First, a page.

THEM ICHIGAN DAILY
SIX TUESDAY, DECEMBER
Radio Priest To Organize
District Groups Against
DETROIT, Dec. 16. - (P) -- The
National Union of Social Justice was
projected into the 1936 campaign
Sunday as the Rev. Charles E. Cough-
lin called upon "20,000 selected work-
ers" to organize groups of 250 in every
congressional district to defeat "rub-
ber stamp congressmen."
Speaking over a nation-wide radio
hook-up, Father Coughlin outlined
the first major political move of his
national union but denied that he in-
tended to sponsor the formation of
a political party.
Declaring the reform of the na-
tion's monetary system was the prin-
cipal objective he said:
"The history of seventy-four con-
gresses has been a history of con-
spiracy against the financial interests
of the people of the United States; a
history of subservience to the finan-
cial interests of Wall Street and to the
Federal Reserve banks.
Congress Is Extravagant
"In the latter days, it is true that
this present congress has fed the hun-
gry, clothed the naked and sheltered
the distressed. But true to tradi-
tions of its predecessors, it has bor-
rowed credit money from banks -18
billion dollars--whose vaults were
almost empty and pledged to these
bankers that the people of this nation
would pour into those empty vaults
not 18 billion dollars, but 36 billion
dollars of real American money."
Explaining the objectives of his
proposed organizations for the elec-
tion of congressmen, he declared:
Districts Must Unite
"Who is so ignorant as not to know
that those who concentrate the
wealth of the nation and exploit the
people have been so powerfully or-
ganized as to secure the nomination
of either a Republican or a Demo-
cratic representative to do their bid-
"I say that we must unite in every
congressional district to elect repre-
sentatives to Congress who will pub-
licly pledge themselves to nationalize
the Federal Reserve banking system."
Father Coughlin said he is interest-
ed in "perfecting the two main politi-
cal parties" rather than forming a
"We believe in rescuing them from
the ward healers and the unseen rul-
ers of the financial world," he added.
"We do not believe in establishing a
third or a fourth party which will
only add to the confusion."
Placed On Exhibit
Eight priceless newspapers of
American colonial days, which have
been loaned to the department of
journalism by the Clements library,
are being framed in glass and will be
hung in the editorial room on the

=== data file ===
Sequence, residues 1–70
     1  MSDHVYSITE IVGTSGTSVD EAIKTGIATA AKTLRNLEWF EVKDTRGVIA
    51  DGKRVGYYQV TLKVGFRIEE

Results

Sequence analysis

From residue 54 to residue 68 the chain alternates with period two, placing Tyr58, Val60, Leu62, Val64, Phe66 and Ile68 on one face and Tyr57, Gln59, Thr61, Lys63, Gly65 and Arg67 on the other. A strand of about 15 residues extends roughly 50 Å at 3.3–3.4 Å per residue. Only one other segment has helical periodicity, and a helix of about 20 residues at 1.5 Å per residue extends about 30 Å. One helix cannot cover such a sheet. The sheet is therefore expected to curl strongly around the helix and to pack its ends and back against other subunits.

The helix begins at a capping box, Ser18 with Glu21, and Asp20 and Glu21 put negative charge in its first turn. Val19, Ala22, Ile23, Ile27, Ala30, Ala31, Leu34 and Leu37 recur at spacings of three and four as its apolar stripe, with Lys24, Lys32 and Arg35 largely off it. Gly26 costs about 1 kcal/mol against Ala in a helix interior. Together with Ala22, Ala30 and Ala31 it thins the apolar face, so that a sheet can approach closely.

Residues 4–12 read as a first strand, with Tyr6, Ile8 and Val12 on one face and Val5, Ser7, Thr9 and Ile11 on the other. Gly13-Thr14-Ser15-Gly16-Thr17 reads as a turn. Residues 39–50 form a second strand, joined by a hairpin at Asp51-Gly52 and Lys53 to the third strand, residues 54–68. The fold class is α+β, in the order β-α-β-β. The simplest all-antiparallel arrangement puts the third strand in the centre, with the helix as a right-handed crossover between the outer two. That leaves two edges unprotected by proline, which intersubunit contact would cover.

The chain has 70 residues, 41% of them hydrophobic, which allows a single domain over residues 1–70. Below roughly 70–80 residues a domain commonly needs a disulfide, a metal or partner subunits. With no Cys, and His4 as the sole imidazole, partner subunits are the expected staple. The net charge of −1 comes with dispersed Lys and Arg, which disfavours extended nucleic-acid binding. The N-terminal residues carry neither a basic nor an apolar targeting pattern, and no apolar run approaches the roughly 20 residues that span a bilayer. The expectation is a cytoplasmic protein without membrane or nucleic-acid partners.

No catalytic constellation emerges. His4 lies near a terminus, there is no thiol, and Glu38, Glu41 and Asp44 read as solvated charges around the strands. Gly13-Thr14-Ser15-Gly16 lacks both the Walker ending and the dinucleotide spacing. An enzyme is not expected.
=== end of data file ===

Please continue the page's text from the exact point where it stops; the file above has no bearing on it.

second floor of Haven Hall before
The loan of the newspapers was
made through Randolph Adams, di-
rector of the Clements library. The
list of the newspapers and the dates
of the issues are:
Boston Gazette and Country Jour-
nal, Sept. 30, Nov. 11, and Dec. 9,
1765, April 21, 1766, Sept. 8, 1767, and
Feb. 8, 1768. The Boston Evening-
Post, Sept. 7, 1767, and The Pennsyl-
vania Packet or The General Adver-
tiser, Nov. 25, 1780.
Held For Investigation
Budget Discussed Holding Compa
By Roosevelt Aides
Too Severe By
WASHINGTON, Dec. 16. -(A) - Tv
President Roosevelt called in his chief By ARTHUR MILLER
financial and relief advisers today The extinction of good and bad
for a budget conference, presumably holding companies alike in one fell
centering on estimates for "emer- swoop by the Holding Company Act
gency" outlays for the fiscal year be- was termed an unnecessarily severe
ginning next July 1. I penalty by Prof. Merwin H. Water-
Those summoned included Harry man of the School of Business Ad-
L. Hopkins, Works Progress adminis- ministration.
trator; Harold L. Ickes, Public WorksI Although much criticism has been
d strato; He MI leveled at the holding companies, Pro-
administrator;Henry orgenthau, fessor Waterman pointed out that
Jr., Secretary of the Treasury; Dan- "the companies may have been con-
iel Bell, acting director of the budget; ceived in evil, but like children, you
Rexford G. Tugweil, undersecretary can't abolish the original sin by kill-
of agriculture, and Frank Walker, ing them off."
head of the National Emergency Professor Waterman said he held
Council. no brief for the pyramid type of com-
The invitations to Hopkins and pany, but he held that the stigma
Ickes and also to Tugwell, Rural Re- which the industry has received does
settlement administrator, left little not belong to all companies, but only
doubt the conference was to consider to the least efficient ones and those
the outlook for Federal relief de- which "have not justified their exist-
mands and what shall succeed the ences."
$4,000,000,000 works program. "In the utility industry," he said,
ny Act Termed
"colored as it is at present by a crit-
ical light of publicity, there is a great
tendency for the worthless and ineffi-
cient to stand out as typical. This is
not so true in other instances where
the bad are not quite so obnoxiously
prominent as have been the Insull
"It is not that people have lost more
money in utilities than in other in-
vestments," he said. "It is that more